Monday, November 26, 2007
39 27' x 77 24': This church is located just off Route 95 and US Route 1 in Stafford Virginia. It is one of the easiest churches to find as the interstate exit, accessible from north or south, is labelled Aquia Harbor. The church is immediately north-east of the first light off the exit from 95.
This is truly a splendid building. According to Rawlings (184ff), the brickwork dates from 1751 to 1757 and was destroyed by Union soldiers during the Civil War. The walls as well as the interior have been rebuilt to the pre-Revolutionary War state sometime around 1915-16. Large patches of the walls are obviously rebuilt, in some cases carelessly even to my non-architect's eye. Apparently there was a coat of yellow paint on the building as recently as 1933.
Aquia is a true cruciform church with the walls 64' both east-west and north-south. Each arm is approximately 16' 2 1/2" long with a width of 32' 4". The walls are 24 1.2 " thick. Unlike Abingdon or Lancaster Churches, while in the interior, one can clearly see the cruciform structure, probably due to its Greek Cross construction. Like few colonial edifices, it has two levels of windows with the lower ones being rectangular with a keystone and angled soldiers and the upper being of typical compass construction. The front, west facade is two stories with a tower with a complicated cornice (See Rawlings 190).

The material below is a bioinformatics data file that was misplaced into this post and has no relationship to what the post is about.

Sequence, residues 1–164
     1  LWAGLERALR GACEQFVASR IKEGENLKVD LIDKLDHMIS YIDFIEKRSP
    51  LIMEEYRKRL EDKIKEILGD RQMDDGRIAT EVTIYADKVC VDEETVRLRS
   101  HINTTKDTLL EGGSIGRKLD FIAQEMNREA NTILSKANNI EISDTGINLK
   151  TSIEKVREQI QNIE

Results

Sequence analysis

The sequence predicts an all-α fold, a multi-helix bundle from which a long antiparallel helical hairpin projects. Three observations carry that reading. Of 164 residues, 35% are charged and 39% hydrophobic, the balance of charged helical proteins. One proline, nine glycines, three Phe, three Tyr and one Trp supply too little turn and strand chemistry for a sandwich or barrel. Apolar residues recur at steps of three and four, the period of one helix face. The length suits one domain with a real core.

It is surrounded by an attractive churchyard with many curious graves of colonial and modern origin.
In a later posting, I will describe the interior and many lurid stories surrounding the church.
This is a must visit.